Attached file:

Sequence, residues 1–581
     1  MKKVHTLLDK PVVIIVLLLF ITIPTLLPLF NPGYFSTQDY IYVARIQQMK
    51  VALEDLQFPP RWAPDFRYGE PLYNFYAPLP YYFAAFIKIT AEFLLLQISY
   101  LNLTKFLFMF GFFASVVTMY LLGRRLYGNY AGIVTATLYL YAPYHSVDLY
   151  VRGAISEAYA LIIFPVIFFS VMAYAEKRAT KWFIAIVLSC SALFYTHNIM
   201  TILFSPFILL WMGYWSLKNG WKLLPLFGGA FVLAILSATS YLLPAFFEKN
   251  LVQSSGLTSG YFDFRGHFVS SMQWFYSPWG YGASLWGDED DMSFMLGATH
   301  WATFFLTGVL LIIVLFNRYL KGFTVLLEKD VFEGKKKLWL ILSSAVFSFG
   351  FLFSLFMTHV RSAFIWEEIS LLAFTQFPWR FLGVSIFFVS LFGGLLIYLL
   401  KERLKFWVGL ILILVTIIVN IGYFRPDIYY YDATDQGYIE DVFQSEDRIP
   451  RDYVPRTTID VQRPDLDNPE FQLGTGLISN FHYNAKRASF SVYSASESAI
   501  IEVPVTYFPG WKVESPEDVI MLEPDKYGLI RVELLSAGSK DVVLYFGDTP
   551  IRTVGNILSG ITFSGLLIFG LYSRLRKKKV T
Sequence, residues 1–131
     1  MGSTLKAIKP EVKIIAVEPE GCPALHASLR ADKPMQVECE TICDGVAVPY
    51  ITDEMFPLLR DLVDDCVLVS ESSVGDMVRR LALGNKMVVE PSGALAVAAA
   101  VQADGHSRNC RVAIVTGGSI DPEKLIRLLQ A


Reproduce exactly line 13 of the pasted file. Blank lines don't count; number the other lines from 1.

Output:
   551  IRTVGNILSG ITFSGLLIFG LYSRLRKKKV T